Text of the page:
Tag Archives: sales prospecting

Sales Prospecting and Quality Leads

If there was ever a good reason for marketing and sales to drop the walls and find new and better ways to work together, the priority the market has placed on generating high quality leads would be it.

In some companies it’s possible that sales is completely out the lead generation (better known in sales circles as “prospecting”) game.  But I speculate that organizations with a marketing organization that enjoys the budget and the staffing to be able to keep sales supplied with a stream of high quality leads are few and far between.  And that means that in thousands of companies, sales reps are still hitting the phones and there is one very good thing about that. In spite of the difficulties that they face, when an experienced sales rep does manage to develop a lead for their use, chances are it’s a good one.

What is this statement based on?

A few things actually, all of which revolve around how most sales reps prospect for their own leads

  • Sales reps tend to work from more targeted lists.  They will spend more time calling into those markets that reflect their current customer base – accounts where there is already a better chance of finding a fit. Cherry picking can have its advantages
  • Sales reps call to the titles who they have found in the past are actually involved in the different aspects of the business decision.
  • Sales reps use a one-on-one more personal outreach than the one-to-many approach that marketing teams are required to follow.  As difficult as it might be to register a message these days, are you likely going to pay more attention to an individual calling you or just another mass message from a faceless corporate entity? (Granted, every message has to be a good one)
  • Messages that sales reps leave are more tailored to the companies and the titles that they are reaching out to than many mass marketing messages will ever be.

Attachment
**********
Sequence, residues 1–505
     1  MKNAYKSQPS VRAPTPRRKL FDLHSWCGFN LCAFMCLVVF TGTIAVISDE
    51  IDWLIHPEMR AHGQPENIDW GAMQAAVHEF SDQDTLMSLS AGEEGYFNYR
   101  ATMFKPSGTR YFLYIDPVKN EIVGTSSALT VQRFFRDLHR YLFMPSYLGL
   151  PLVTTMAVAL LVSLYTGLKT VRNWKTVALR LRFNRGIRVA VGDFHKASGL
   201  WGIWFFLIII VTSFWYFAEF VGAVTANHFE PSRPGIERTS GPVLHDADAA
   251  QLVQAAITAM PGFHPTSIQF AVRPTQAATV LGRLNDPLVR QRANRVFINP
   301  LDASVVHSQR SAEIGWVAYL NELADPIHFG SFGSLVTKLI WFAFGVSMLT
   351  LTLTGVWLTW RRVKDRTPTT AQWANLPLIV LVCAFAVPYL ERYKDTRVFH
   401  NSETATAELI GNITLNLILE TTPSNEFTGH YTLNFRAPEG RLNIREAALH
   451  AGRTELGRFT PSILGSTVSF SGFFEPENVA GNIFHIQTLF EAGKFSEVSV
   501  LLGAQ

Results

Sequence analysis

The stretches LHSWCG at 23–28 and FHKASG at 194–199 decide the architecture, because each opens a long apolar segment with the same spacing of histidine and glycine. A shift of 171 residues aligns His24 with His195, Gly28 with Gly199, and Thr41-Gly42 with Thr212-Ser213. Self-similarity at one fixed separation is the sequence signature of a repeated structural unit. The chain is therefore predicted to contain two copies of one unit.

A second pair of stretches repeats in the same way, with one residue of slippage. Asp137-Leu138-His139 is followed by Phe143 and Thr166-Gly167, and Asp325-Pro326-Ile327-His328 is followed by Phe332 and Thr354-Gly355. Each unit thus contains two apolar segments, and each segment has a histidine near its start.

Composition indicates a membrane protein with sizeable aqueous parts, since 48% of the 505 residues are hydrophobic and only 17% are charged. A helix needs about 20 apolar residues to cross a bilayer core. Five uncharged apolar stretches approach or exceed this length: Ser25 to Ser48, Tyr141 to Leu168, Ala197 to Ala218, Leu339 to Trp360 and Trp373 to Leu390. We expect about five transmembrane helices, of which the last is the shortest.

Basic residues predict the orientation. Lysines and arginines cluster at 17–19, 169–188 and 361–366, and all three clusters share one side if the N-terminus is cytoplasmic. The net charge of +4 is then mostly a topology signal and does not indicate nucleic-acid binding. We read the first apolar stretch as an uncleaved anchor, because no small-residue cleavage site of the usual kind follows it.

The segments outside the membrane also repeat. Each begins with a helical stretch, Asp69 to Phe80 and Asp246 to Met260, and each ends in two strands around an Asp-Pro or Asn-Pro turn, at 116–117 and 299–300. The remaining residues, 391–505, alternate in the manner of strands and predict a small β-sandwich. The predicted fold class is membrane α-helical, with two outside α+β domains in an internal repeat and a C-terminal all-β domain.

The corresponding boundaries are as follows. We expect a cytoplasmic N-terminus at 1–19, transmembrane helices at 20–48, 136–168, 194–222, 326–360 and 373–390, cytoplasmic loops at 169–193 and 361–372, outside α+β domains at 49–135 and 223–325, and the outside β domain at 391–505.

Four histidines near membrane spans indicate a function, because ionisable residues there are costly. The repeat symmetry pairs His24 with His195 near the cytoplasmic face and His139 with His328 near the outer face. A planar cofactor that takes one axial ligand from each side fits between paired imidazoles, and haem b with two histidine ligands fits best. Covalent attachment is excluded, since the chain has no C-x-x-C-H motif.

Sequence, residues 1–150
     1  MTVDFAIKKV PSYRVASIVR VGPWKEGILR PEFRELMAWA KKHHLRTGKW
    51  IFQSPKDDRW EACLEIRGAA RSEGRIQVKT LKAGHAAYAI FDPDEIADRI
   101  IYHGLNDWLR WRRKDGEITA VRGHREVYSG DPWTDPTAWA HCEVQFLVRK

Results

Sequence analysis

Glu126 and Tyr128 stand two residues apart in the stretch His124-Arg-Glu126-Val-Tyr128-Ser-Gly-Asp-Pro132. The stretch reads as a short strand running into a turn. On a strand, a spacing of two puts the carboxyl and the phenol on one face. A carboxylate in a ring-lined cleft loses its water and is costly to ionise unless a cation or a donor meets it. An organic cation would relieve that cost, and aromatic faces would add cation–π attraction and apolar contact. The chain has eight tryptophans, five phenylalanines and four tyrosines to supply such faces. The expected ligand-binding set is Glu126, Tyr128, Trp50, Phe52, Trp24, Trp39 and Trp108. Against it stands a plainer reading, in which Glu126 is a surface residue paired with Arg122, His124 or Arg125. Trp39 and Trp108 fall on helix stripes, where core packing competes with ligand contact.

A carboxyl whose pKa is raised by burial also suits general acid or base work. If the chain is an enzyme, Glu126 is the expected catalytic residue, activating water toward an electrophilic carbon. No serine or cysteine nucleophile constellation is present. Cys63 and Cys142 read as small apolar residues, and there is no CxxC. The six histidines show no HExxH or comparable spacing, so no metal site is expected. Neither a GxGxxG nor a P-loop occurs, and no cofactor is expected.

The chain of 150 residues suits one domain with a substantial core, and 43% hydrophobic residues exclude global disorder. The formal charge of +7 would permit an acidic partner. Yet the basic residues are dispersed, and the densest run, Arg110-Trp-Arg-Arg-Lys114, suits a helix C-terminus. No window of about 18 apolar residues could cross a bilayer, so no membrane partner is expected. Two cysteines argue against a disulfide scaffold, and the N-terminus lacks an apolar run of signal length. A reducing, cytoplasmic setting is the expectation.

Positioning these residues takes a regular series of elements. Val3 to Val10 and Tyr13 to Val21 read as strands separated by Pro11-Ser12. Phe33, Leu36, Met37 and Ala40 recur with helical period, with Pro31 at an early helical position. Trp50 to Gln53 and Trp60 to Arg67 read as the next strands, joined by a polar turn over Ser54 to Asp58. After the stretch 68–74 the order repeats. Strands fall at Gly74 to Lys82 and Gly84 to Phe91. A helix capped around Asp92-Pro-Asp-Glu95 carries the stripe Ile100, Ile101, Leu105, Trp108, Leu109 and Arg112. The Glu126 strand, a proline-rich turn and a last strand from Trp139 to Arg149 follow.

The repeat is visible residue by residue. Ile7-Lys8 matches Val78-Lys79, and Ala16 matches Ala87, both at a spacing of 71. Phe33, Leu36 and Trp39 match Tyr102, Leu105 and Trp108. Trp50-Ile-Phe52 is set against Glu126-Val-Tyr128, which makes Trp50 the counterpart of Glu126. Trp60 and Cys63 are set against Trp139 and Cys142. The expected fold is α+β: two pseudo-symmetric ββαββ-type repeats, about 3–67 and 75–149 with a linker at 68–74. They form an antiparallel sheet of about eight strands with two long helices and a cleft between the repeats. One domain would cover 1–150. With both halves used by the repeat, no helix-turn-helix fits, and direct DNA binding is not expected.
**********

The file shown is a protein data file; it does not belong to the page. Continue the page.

• Sales reps tend to reach out in different ways. Email, phone and regular mail feature prominently instead of just more and more low-cost online messaging
  • Sales leads are finally developed though a live dialogue, with some qualification questions and an indication of interest..

So, when you add up all the factors that are contributing to the sales prospecting process, its pretty easy to understand why and to accept, that when a sales rep develops a lead through their own prospecting efforts, it will almost inevitably be a better quality lead than will come from most mass efforts.

The problem of course, is the time and effort it takes for sales people to get those leads and their failure to consistently keep feeding their own sales funnel….which is why the sales/marketing relationship needs some co-operative effort.

….more to come

 

 

Research or Procrastination?

I was just looking over an earlier post that included a link to 12 Prospecting Rules and one idea stood out –  confusing prospecting research with actual prospecting.

It resonated with me because in my experience, the “need” for precall research, is one of the most frequently cited reasons for not picking up the phone and often nothing more than a thin excuse to rationalize call reluctance.

Just to define the space, I’m talking about telephone calls made to a list where you have a contact name and title in a company that should generally be a good fit for whatever you are selling.  They have not asked for a call so I’m calling this “cold” although that research need often extends to companies who have not necessary asked to be called, but have expressed some interest in a problem you can solve as evidenced by a white paper download. ( I call that a warm lead.)

So what you need to do is pick up the phone and establish contact. That is called prospecting.  But what most people do – is first go to Linkedin and look up the person ( which is just fine- take a minute and do that) and then go to the company website to gain an understanding of the company.  If you ask most reps – certainly the junior ones why they’re doing it, the answer you’ll usually get is that “I don’t want to sound like an idiot”.

You have to ask the juniors because they don’t know better than to tell you that perfect unvarnished truth. They’ll explain that in looking like an idiot they are convinced that it will reflect badly on the company they represent.  So sorry. That’s a crock. Its an ego protector and does not serve the interests of the company.  What serves the interests of the company is to pick up the phone.

So, how do you manage precall research?  First, by understanding it’s purpose, which is NOT to ensure that you can intelligently discuss the company’s recently issued financial statements or their competitive positioning The purpose of precall research is to quickly find a hook to hang your introduction on.

For example, Boxpilot provides a service that has been successfully employed by hundreds of companies to boost their event registrations and attendance conversions, so my precall research goes immediately to look for upcoming conferences, road shows or other events.  We can also help stretch the reach of a sales group- so I’ll quickly check to see if they’re hiring sales people.

I’ll note their main line of business, in case I have some specific client experience in that area.  It’s prospecting research with a purpose and you get no more than 3 minutes, otherwise you’ll find you lose the discipline of a quick specific search and instead fall into the rabbit hole of web research.